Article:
Couch Potatoes: When fathers feel misunderstood
by Vittoria Scarpa
- The new film by Francesca Archibugi, the portrait of a difficult father-son relationshi, adapted from the novel by Michele Serra, stars Claudio Bisio and is out in Italian cinemas today
The title is suggestive of a generational film, the portrait of a lonely and inconsistent youth. However, Couch Potatoes [+see also:
film profile], the new bittersweet comedy by Francesca Archibugi, out in cinemas today, is above all the story of a misunderstood father. An adaptation of the book of the same name by Michele Serra (published by Feltrinelli), the director of Mignon Has Come to Stay and Il nome del figlio [+see also:
film profile] tells the story, using Francesco Piccolo's screenplay, of the difficult relationship between a separated father and his teenage son, "an intimate and personal story that’s not to be generalised", emphasises Archibugi, but that nevertheless echoes a more universal clash between the "old" and the "young," between the children of '68 and so-called millennials, set to a backdrop of contemporary Milan, with its skyscrapers and forward-looking bourgeoisie.
"Past his use-by-date" is how the seventeen-year-old Tito (newcomer Gaddo Bacchini) describes his father, Giorgio (Claudio Bisio), with whom he spends half the week, as part of a shared custody agreement. A famous TV presenter, separated for years, Giorgio is appreciated by millions of viewers, but not by his son or the group of friends that often descends on his home, taking over the sitting room. Cheerful and boisterous with his group of friends, yet tender with his new girlfriend Alice (Ilaria Brusadelli), Tito always agrees with his mother (Sandra Ceccarelli) and has a strong bond with his grandfather (Ponzoni Cochi): it's only his father with whom he holds back, and Giorgio, overwhelmed by ghosts and guilty feelings, is left wondering where it all went wrong. "Maybe I ask too little of you," he tells the boy, while in the meantime calling him constantly, rummaging through his rubbish bin and forcing him on endless mountain walks, searching for intimacy via the control that seems to be slipping through his hands. One day, Rosalba (a surprising Milanese version of Antonia Truppo) arrives back on the scene, the "one that got away" for Giorgio, who turns out to be Alice's mother, and who seems to trigger something in Giorgio. And so, in addition to the misunderstandings with his son and his chronic lack of affection, Giorgio must also face terrible doubts about the paternity of the girl who Tito loves.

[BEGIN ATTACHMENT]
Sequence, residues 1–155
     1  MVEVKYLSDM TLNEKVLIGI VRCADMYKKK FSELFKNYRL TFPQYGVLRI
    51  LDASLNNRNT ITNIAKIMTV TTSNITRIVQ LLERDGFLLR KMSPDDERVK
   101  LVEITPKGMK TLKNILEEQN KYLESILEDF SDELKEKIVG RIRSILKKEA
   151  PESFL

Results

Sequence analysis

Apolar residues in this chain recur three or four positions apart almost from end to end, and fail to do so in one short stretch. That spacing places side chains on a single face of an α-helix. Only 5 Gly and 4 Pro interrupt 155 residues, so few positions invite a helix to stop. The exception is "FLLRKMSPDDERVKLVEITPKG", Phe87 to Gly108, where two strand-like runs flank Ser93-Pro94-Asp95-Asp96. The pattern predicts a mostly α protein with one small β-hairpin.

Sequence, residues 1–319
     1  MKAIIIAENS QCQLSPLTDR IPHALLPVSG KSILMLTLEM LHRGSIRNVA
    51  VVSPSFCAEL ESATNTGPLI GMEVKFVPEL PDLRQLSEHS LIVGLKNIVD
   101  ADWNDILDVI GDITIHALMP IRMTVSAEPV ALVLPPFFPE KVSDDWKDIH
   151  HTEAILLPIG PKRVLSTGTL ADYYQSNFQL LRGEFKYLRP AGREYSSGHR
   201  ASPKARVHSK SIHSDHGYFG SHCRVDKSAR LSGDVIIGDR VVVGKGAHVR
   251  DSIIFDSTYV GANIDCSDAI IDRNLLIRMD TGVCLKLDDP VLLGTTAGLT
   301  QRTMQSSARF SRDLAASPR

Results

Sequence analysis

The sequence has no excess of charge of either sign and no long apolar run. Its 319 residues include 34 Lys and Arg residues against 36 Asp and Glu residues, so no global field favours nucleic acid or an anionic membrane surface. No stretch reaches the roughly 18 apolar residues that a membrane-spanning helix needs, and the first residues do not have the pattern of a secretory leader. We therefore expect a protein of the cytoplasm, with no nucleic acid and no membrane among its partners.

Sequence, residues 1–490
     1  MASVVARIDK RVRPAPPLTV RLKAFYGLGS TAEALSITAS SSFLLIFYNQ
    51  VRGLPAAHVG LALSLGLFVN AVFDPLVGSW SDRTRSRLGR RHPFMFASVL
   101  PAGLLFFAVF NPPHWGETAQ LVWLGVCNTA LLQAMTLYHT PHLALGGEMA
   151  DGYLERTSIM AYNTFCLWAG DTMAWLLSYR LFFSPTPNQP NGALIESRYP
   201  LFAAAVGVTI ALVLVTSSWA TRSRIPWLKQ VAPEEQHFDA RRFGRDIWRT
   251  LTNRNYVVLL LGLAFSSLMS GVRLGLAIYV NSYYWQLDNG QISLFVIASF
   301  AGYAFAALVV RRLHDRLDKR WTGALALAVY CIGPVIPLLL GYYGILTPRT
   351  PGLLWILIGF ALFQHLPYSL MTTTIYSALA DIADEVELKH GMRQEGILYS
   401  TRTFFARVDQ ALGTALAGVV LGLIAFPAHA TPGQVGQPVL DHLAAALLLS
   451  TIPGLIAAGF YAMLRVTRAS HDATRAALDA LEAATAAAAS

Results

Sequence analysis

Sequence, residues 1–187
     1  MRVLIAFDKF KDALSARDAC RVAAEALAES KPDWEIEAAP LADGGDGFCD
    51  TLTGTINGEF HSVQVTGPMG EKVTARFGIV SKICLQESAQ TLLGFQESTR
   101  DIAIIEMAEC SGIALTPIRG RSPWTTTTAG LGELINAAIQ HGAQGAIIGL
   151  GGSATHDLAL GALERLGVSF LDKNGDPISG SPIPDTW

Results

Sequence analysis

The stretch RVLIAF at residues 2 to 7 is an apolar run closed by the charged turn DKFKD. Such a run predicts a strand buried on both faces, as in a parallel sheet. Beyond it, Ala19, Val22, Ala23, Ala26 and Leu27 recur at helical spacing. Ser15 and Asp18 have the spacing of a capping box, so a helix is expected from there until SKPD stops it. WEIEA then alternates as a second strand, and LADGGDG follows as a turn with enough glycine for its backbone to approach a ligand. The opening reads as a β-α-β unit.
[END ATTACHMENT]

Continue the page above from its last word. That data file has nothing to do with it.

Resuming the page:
Having justly changed a lot of Serra's original story, which was structured as a series of letters written from father to son, Archibugi and Piccolo (along with other writers, such as Paolo Virzì who wrote the screenplay for The Leisure Seeker in competition at the last Venice Film Festival) add the boy's point of view to the film, however, the film ultimately remains focused on the parents' generation. Confused, fragile, and lacking in authority, parents who do not know how to approach their alien children, who are seemingly ready (in Giorgio's imagination) to form an army to defeat all of the old people and finally take over the world. An apocalyptic vision behind which an awareness of giving these young people enough space in life and at work hides. The film doesn't say all there is to say, it's a work of subtraction, omitting details, leaving some situations unresolved, which may perhaps leave some viewers feeling unconvinced; but it nevertheless remains very realistic in many aspects, be them both emotional and melancholy.
Produced by Indiana Production and Lucky Red with Rai Cinema, Couch Potatoes comes out today, 23 November, in 380 Italian cinemas, distributed by Lucky Red. International sales are handled by True Colors.
Did you enjoy reading this article? Please subscribe to our newsletter to receive more stories like this directly in your inbox.